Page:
DENVER – A massive study of Colorado's county child welfare workers suggests the state could use at least 696 new employees to handle current caseloads.
The report, conducted by an outside agency, concludes "the estimated time required to complete mandated child welfare activities and meet program objectives exceeds the amount of time available from the current number of Colorado child welfare caseworkers."
The legislature asked for the review with the help of the state auditor after a series of "Failed to Death" reports by 9Wants to Know and the Denver Post revealed substantial problems with child abuse and child death cases handled by various county human services departments.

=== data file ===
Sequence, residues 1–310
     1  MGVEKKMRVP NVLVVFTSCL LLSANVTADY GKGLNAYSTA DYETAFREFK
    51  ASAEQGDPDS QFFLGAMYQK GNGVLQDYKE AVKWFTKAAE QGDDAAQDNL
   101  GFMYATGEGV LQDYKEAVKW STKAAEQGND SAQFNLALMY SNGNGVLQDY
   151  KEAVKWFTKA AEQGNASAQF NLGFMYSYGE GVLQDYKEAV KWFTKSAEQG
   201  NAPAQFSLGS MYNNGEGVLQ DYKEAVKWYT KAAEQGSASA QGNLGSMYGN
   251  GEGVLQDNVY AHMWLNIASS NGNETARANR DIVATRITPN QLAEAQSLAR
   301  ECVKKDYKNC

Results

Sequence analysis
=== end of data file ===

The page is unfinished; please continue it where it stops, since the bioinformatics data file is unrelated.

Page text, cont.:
"The study reaffirmed what the state and counties have surmised for quite awhile – more case workers and supervisors throughout the state would strengthen our child protection system," said Julie Krow, the Director of the Colorado Office of Children, Youth and Families.
Specifically, the report suggested the state could use at least an additional 574 full-time caseworkers and 122 supervisory positions.
(KUSA-TV © 2014 Multimedia Holdings Corporation)